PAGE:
To learn more about the recruiting process, I talked with Avi Stopper, a former college athlete and a co-founder of CaptainU, which could be called an athletic LinkedIn that helps student athletes to connect with athletic coaches.
Stopper, who is a former men’s soccer coach at the University of Chicago, launched CaptainU when he was in the school’s MBA program. Over the years, hundreds of thousands of high school athletes, college coaches, youth coaches, and events have used CaptainU to get organized, promote themselves, and get noticed by others in the youth and college sports world.
Major Take-Away Points
Here are a few of Stopper’s main take-home points:
Rather than focusing upfront on athletic scholarships, student-athletes need to look for schools that would be good fits academically and socially.
Students should ask themselves this question: If I broke my leg and couldn’t play my sport anymore, would this be a school I’d want to attend?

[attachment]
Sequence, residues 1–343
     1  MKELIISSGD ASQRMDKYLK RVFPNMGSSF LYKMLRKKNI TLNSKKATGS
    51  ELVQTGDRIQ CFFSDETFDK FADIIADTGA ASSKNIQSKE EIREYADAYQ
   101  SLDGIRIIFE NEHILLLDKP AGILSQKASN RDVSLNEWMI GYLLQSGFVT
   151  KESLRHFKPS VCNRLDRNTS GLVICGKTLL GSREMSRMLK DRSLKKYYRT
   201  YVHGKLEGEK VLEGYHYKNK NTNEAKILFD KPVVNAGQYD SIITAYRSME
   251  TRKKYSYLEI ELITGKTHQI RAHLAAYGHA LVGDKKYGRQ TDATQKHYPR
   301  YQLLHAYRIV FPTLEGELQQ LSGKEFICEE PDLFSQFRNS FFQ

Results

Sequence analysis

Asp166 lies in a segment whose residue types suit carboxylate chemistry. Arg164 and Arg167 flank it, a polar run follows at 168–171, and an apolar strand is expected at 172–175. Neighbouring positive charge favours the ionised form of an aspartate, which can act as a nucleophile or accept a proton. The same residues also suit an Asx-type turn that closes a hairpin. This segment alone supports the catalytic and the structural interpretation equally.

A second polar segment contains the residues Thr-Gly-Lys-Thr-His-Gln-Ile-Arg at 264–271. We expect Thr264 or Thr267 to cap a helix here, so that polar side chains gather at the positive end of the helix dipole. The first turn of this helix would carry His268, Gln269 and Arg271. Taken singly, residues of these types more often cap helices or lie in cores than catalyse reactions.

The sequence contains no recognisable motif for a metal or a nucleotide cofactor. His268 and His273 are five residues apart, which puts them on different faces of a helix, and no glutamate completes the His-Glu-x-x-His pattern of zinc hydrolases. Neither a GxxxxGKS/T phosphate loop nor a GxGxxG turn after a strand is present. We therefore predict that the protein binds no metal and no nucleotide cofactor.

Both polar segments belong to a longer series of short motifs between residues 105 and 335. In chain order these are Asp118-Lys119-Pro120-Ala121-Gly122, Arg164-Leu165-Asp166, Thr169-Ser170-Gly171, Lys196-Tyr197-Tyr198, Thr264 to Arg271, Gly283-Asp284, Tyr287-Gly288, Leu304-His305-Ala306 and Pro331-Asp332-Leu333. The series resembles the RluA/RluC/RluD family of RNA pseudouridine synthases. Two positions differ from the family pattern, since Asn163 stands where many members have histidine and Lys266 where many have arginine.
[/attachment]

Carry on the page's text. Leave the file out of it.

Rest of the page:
A student shouldn’t bring up athletic scholarship right when meeting or exchanging emails with a coach. That’s a turn off. The teenager needs to know more about the program and the coach needs to know more about the athlete before scholarships are broached.
Students should not ignore Division III schools even though they don’t offer athletic scholarships. Merit scholarships and financial aid from Division III schools often exceed what many students will get from athletic scholarships.
Top players are on Division I teams, but as you start to move down the Division I ranks, there is a lot more parody between some mid-tier Division I teams and some of the top Division II and Division III teams.
At the bottom of this lesson, you will find a transcript of the 40-minute interview with Avi Stopper.
Athletic Scholarship Odds
Stopper suggested that parents and student athletes should read a sobering 2008 story that ran in The New York Times regarding athletic scholarships. Here is the link: Expectations Lose to Reality of Sports Scholarships